Liechtenstein is not the first place people name when planning a trip. It was, however, one of the few places I was determined to go, and at a specific date: 15 August (Liechtenstein’s National Holiday – Staatsfeiertag). The holiday was first celebrated in 1940 and this year marked its 75th anniversary. As a student of history, this holiday felt like a relic from the past. It somehow felt like I travelled back to the eighteenth or nineteenth century in its performance; A country roughly the area of Vancouver and UBC (Vancouver and UBC are 130km2 –Liechtenstein is 160km2) and a population of 35 000 celebrate the birthday of Prince Franz Josef II (the father of the current prince). I went to this holiday with a colleague from the University of Toronto and we stayed in Feldkirch, Austria as it was much cheaper to stay there than in Liechtenstein. On Staatsfeiertag, we travelled to Vaduz, by taking what’s known as “the Liechtenstein bus,” a bus whose route starts in Feldkirch, Austria, drives through the towns and villages of Liechtenstein, and ends its route in Sargans, Switzerland. From Vaduz, we walked up to the Vaduz Castle, the residence of the Prince of Liechtenstein. At 11:30 a brief (10 minute) parade of Burschenschaften, children in folk costumes, scouts, members of parliament and the prince with his wife made its way to the stage. After two speeches by the president of Liechtenstein and the son of the current prince, and the singing of the Liechtenstein national anthem, the crowd of about three hundred were invited to the Vaduz Castle courtyard for free pretzels and beer. At the reception, everyone was free to mingle and chat, including the current prince, Hans Adam II, with whom my colleague and I were able to briefly chat and take a photo. (Image 6) Liechtenstein was the most unique portion of my trip. In comparison to Berlin, it seemed surreal. This contrast, however, highlights what I wanted to experience,and for what the Conway Scholarship is intended: the breadth of German culture. Liechtenstein’s Staatsfeiertag has many traces of a different German past. Although the holiday was founded seventy-five years ago, it has traces of a more distant past, not only in its performative aspects, but also in its capacity to encapsulate a sort of essence of small-state-ness (Kleinstaaterei) in an almost explicit form.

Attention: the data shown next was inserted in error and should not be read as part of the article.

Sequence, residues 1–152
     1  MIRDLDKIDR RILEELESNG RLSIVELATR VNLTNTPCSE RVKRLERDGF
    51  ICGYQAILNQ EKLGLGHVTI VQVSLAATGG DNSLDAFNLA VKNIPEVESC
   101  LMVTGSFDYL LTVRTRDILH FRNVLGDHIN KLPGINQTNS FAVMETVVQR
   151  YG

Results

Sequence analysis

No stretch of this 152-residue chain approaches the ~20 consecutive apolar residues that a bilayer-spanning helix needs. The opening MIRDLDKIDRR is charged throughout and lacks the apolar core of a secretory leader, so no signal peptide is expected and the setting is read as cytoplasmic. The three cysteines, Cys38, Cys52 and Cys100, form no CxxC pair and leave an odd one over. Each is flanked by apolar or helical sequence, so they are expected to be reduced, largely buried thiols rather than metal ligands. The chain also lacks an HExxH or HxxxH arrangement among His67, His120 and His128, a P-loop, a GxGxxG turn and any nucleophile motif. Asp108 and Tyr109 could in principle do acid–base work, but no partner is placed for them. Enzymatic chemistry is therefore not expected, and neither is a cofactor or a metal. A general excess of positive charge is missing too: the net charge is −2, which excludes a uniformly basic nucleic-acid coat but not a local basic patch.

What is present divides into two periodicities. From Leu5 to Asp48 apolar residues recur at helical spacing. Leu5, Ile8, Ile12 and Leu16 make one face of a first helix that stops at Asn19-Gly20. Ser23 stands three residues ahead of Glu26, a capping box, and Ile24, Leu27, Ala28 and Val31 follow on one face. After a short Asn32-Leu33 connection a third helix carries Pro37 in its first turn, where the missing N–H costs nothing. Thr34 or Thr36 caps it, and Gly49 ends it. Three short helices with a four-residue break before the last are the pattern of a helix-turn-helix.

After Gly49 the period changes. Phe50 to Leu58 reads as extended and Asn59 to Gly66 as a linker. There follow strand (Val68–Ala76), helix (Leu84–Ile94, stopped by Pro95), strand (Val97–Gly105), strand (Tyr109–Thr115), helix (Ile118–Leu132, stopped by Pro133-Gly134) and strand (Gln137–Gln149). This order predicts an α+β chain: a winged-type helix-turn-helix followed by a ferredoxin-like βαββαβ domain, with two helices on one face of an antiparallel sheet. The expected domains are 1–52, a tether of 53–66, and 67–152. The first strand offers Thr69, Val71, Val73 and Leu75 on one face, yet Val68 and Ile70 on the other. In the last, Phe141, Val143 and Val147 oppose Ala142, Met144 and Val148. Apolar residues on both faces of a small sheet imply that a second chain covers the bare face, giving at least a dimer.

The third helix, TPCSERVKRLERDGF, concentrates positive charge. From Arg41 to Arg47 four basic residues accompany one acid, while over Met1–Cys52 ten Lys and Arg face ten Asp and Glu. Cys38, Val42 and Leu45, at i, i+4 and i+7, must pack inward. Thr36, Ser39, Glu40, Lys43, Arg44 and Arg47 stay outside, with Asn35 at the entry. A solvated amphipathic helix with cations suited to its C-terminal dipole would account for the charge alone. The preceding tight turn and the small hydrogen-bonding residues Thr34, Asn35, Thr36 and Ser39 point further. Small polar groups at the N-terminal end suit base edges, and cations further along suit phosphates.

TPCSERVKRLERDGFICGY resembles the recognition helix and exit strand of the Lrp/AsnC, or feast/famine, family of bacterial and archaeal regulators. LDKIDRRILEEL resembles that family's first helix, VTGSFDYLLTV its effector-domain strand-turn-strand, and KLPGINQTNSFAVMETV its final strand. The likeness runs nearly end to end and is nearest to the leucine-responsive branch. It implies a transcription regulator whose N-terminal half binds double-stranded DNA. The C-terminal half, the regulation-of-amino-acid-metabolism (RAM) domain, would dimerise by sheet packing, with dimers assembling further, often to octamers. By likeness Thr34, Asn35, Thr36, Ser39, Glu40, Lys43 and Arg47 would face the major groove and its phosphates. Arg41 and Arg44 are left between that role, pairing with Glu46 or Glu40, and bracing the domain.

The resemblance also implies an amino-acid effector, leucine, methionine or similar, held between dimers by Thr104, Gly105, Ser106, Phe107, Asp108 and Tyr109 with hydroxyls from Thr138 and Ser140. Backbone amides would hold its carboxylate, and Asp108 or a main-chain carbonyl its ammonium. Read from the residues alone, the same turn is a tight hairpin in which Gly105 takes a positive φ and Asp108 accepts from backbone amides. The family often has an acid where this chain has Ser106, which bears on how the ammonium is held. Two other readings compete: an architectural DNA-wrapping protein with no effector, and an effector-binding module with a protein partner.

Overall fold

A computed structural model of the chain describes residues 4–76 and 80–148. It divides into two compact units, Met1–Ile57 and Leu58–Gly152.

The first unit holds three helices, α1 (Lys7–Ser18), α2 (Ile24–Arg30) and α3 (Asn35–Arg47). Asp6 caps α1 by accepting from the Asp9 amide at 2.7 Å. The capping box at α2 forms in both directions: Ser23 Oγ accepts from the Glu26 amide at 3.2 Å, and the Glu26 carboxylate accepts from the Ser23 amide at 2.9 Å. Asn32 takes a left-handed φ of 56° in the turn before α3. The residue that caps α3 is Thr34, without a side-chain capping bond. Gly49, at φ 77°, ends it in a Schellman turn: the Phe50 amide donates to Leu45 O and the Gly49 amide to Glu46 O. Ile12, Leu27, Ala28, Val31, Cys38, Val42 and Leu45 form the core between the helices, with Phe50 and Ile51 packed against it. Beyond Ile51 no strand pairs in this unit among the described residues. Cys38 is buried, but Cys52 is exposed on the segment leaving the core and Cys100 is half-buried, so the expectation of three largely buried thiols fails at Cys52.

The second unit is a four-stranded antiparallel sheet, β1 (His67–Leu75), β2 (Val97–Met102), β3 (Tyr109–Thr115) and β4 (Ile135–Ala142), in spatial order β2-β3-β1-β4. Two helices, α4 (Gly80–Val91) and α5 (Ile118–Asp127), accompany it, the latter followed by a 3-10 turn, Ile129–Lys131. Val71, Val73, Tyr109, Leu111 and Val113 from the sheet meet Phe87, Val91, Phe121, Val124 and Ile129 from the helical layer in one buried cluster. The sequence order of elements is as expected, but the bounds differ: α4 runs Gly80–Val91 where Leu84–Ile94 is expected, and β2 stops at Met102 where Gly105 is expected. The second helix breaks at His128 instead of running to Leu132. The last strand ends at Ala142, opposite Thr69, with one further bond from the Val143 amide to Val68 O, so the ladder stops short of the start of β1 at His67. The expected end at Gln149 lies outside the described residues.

When the portion of my trip funded by Professor Conway ended, my research began, specifically in Marburg. My last reprieve before I began working in the archives was to spend a day in Frankfurt. There, I walked for about five hours reflecting on the past week and what I experienced. I managed to walk past St. Paul’s church, the site of the Frankfurt Assembly in 1848, and the old town hall. I concluded my trip at the Goethe Universität. There, I enjoyed a coffee on Theodor-Adorno Platz (the central square of campus) and reflected on my journey. All in all, spending such a long time in Europe, crossing borders which at times you can’t notice, and speaking different languages, helps one take notice in the nuances of historical traces in the cities and countrysides. Sometimes, the past is not preserved in museums, but in the culture or in the architecture. Finding the traces of a German past was an enjoyable experience and I am deeply thankful to Professor John Conway for his generous contribution and the opportunity he has provided to allow students of German history, like myself, to experience the German past.

1. The Museum of Alsace; The Museum of Modern Art in Strasbourg; The Museum of Strasbourg